As the debate unfolds about the bipartisan bill by Senators Lamar Alexander and Patty Murray to repair the Affordable Care Act marketplaces, the public could be just as confused as they have been about the ACA's marketplaces. That's why it's important to debate it in the right context: It's aimed at an urgent problem affecting a relatively small sliver of the health insurance system, not all of the ACA and not the entire health system.

The bottom line: It's a limited measure that will never give conservatives or liberals everything they want.

Expand chart
Data: Kaiser Family Foundation Health Tracking Poll conducted Oct. 5-10, 2017; Chart: Chris Canipe / Axios

Reality check: Many people will think it affects their insurance when, in actuality, it will have no impact on the vast majority of Americans who get their coverage outside of the relatively small ACA marketplaces.

The chart based on our new Kaiser Tracking Poll shows the confusion. Just 23% of the American people know that rising premiums in the ACA marketplaces affect only people who buy their own insurance. More than seven out of 10 wrongly believe rising premiums in the marketplaces affect everyone or people who get coverage through their employer.

The public will be susceptible to spin and misrepresentation of the limited goals of Alexander-Murray: a bipartisan effort to stabilize the marketplaces by funding the cost-sharing reduction subsidies, providing more resources for open enrollment outreach, and expediting state waivers.

President Trump has added to the confusion. He recently pronounced the ACA "dead", adding, "there is no such thing as Obamacare anymore." Possibly that's because he wishes it was dead. More likely, he was referring to the problems in the ACA marketplaces, which he has exaggerated.

Like thinking your whole house is falling down when just a part of the foundation needs shoring up, both he and the American people have an inaccurate picture of where the marketplaces fit in the ACA and where the ACA fits in the health system.

A few facts:

  • There are just 10 million people enrolled in the ACA marketplaces.
  • The law's larger Medicaid expansion and consumer protections are popular and working well.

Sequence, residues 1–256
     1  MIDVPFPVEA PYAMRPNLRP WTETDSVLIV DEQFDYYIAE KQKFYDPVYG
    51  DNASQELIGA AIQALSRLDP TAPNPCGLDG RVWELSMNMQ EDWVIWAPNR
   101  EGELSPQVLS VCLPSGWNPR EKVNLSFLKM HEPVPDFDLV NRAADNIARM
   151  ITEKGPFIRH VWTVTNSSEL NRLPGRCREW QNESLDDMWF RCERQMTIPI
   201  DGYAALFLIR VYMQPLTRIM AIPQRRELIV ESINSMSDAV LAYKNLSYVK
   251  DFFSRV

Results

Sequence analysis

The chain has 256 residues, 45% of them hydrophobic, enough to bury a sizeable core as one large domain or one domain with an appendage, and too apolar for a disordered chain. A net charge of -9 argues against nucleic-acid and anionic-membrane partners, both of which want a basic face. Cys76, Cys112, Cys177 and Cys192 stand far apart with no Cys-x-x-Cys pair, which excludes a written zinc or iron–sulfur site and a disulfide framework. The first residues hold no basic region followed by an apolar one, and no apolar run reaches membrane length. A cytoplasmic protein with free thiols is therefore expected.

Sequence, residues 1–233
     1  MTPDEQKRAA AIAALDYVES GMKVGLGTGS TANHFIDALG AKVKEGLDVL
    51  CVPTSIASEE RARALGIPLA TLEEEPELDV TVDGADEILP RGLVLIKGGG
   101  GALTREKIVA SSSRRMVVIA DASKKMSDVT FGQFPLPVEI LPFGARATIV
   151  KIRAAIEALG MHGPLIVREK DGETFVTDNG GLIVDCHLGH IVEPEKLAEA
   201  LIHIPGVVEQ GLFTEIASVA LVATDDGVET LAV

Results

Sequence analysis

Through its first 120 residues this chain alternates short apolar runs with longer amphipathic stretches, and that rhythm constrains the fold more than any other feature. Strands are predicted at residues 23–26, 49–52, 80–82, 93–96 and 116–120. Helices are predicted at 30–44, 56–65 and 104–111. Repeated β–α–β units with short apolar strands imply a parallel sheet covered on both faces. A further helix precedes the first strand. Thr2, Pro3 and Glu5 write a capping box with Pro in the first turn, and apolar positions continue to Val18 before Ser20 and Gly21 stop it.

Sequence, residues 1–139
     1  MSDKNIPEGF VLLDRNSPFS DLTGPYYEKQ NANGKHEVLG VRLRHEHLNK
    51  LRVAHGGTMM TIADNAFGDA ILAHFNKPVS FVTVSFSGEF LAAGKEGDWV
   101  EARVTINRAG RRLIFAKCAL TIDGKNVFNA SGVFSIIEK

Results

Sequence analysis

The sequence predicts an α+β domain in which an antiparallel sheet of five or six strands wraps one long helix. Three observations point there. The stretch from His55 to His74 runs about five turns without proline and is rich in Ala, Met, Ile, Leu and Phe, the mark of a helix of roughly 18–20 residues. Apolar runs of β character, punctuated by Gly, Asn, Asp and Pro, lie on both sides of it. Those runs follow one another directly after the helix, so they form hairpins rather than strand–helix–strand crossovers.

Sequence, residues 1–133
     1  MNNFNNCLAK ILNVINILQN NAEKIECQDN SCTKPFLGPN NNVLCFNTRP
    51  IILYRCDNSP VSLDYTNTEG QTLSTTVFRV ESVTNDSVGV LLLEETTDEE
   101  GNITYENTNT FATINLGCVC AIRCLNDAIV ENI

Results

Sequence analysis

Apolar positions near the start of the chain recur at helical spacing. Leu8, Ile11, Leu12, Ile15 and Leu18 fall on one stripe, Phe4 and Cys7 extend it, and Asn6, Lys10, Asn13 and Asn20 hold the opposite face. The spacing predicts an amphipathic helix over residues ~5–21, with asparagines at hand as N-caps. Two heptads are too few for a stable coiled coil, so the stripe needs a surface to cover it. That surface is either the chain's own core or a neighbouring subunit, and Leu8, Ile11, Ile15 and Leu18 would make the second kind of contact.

• The far larger Medicare and Medicaid programs and employer based health system combined cover more than 250 million people, and are largely unaffected by developments in the ACA marketplaces.
  • Premiums for the 155 million people who get coverage through their employers rose a very modest 3% in 2017.

Some conservatives in Congress will hold out for repeal, and they'll resist any legislation that they view as propping up Obamacare. But for everyone else, it's important to understand the problem and get the facts.

Go deeper

Commission releases topics for first presidential debate

Moderator Chris Wallace. Photo: Drew Angerer/Getty Images

Fox News anchor Chris Wallace has selected what topics he'll cover while moderating the first presidential debate between President Trump and former Vice President Joe Biden next week.

What to watch: Topics for the Sept. 29 debate will include Trump and Biden's records, the Supreme Court, COVID-19, economic policy, racism and the integrity of the election, the Commission for Presidential Debates announced on Tuesday. Each topic will receive 15 minutes of conversation and will be presented in no particular order.

Fed chair warns economy will feel the weight of expired stimulus

Treasury Secretary Steven Mnuchin and Fed Chair Jay Powell bump elbows before House hearing on Tuesday. Photo: Joshua Roberts/Pool/AFP via Getty Images

Federal Reserve Chairman Jerome Powell told the House Financial Services Committee on Tuesday that the expiration of Congress' coronavirus stimulus will weigh on the U.S. economy.

Why it matters: Powell warned that the effects of dried-up benefits are a looming risk to the economy, even if the consequences aren't yet visible.

1 hour ago - World

Beijing draws Chinese companies even closer

Illustration: Annelise Capossela/Axios

Chinese Communist Party Secretary Xi Jinping announced last week that the party must strengthen its leadership over private companies, and that entrepreneurs must meet the party's needs. 

Why it matters: Xi's new announcement will increase fears that Chinese businesses may serve as a Trojan horse for the CCP.

Get Axios AM in your inbox

Catch up on coronavirus stories and special reports, curated by Mike Allen everyday

Please enter a valid email.

Subscription failed
Thank you for subscribing!